Immerse yourself in Kentucky culture

Kentucky. It's not a state that many tourists flock to on a regular basis, but there are certain things about this area of the country that are simply unique. This is the home of fine whiskey, bourbon and thoroughbred race horses. Bluegrass music and the actual bluegrass that goes along with it. Many years ago, Daniel Boone explored the interior of this state – and now you can as well in an RV.

Readers Digest recommends the route between Bluegrass and Pennyroyal, naming it one of their Most Scenic Drives in America. It's true – this area of the country is extremely beautiful – but beyond simply observing nature, this part of Kentucky is all about immersing yourself in the culture, and exploring the history of the area.

Start your journey in Lexington, where you'll have a chance to learn more about Kentucky's past. Ashland, an old mansion that was once inhabited by Henry Clay, is an absolute must-see for anyone interested in history. And if you love horses, you've come to the right place. Just outside the city is Keeneland Race Course, along with the Kentucky Horse Park, which has over 1,200 acres for these noble steeds.

Not far from here is another chance to delve into history at the Shaker Village of Pleasant Hill. This community thrived in the 19th century, with more than 500 Shakers calling it their home. Although the Shakers have since passed on, those who visit this area can get a chance to see how they live, as the museum here preserves much of their way of life.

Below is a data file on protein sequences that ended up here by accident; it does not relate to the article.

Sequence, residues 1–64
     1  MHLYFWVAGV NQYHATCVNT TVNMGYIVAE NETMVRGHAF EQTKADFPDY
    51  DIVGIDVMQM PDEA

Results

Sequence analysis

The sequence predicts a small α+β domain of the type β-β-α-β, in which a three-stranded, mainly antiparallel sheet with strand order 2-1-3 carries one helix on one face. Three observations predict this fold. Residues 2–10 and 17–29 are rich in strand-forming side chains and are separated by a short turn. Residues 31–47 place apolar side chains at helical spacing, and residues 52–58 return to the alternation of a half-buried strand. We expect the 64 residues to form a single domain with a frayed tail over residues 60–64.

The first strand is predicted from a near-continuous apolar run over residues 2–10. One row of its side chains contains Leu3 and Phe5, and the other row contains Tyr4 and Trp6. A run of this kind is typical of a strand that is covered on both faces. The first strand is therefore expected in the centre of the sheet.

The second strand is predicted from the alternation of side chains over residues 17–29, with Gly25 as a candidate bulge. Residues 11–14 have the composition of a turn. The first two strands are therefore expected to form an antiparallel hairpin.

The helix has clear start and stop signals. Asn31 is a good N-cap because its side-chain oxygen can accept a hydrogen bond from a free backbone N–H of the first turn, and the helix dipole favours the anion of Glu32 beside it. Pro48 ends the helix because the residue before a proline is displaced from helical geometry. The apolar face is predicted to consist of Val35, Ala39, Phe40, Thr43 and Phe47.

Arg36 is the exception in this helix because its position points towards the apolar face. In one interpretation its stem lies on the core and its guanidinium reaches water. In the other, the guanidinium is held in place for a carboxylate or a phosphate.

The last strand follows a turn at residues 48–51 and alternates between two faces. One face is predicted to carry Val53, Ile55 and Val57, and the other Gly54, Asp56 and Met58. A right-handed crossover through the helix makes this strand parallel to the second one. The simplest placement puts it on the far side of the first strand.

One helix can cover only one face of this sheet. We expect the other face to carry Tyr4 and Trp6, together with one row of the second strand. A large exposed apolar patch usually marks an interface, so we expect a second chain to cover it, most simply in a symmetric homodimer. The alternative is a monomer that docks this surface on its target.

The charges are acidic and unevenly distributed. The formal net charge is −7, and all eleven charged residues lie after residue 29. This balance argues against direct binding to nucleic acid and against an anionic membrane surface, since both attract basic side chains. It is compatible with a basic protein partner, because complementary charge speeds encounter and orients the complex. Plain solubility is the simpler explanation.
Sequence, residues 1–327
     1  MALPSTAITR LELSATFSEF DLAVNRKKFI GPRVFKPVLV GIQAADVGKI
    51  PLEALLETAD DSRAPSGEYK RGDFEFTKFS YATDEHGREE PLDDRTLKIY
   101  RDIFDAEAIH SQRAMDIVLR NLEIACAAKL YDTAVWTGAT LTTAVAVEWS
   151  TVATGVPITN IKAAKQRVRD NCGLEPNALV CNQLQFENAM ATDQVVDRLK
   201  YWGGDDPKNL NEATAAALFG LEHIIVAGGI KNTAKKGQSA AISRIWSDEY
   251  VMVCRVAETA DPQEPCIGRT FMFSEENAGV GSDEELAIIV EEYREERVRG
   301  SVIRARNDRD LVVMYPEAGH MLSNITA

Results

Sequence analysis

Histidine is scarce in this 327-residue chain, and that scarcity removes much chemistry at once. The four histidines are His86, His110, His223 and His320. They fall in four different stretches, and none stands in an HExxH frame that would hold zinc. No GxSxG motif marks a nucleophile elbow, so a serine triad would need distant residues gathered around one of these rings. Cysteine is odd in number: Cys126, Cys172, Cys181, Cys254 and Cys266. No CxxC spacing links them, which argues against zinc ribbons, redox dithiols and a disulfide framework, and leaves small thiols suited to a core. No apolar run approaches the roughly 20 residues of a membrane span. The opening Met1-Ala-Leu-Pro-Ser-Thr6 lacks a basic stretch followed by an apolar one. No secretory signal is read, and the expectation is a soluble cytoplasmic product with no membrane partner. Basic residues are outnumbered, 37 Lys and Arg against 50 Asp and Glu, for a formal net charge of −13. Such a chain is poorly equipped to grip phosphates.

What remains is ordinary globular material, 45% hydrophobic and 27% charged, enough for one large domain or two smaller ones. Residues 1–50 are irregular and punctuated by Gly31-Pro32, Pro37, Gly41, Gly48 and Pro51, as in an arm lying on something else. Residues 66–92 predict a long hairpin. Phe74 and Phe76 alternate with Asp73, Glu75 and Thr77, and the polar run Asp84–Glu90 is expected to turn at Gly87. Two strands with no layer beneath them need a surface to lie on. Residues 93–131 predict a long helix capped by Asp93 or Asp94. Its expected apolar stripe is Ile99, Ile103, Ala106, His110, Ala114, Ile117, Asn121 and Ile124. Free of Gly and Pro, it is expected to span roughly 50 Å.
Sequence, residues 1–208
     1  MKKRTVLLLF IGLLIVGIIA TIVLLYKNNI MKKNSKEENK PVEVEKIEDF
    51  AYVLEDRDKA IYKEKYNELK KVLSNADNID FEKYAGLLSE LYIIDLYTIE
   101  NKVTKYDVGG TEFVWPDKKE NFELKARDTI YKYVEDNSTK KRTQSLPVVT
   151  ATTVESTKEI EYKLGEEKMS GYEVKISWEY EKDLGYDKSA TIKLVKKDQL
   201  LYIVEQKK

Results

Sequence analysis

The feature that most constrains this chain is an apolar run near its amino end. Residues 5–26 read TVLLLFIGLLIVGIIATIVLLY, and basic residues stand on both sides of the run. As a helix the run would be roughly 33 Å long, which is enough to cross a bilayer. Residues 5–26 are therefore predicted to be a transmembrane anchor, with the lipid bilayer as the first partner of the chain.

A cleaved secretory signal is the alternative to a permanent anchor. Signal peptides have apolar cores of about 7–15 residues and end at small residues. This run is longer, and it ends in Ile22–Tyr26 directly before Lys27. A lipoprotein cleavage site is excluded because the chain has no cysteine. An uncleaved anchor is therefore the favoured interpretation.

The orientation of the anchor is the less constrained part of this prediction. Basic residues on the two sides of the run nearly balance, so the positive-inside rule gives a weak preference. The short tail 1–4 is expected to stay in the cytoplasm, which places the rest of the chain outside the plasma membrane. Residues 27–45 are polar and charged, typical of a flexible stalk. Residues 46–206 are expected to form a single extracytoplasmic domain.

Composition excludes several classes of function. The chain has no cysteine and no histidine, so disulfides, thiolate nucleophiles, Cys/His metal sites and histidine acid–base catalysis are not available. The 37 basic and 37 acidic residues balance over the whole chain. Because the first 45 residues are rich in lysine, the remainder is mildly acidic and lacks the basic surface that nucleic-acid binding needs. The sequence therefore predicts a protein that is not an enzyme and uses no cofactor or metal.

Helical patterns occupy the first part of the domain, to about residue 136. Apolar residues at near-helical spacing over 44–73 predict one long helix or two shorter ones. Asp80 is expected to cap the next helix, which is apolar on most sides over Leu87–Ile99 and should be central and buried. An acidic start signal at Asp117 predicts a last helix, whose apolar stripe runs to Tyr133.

Finally, no trip to this part of the country is complete without a visit to Mammoth Cave National Park. The findings in this cave system date all the way back to ancient times, but it was largely abandoned for centuries. According to legend, a hunter stumbled onto its entrance, and visitors have been pouring in ever since to see the amazing crystal formations. The National Park Service runs tours here for travelers of all ability – from a short jaunt to a five-mile trek that will see you crawling on your belly to get through tough crevices. Explorers have charted 350 miles of this complex underground, but there are still areas waiting to be discovered.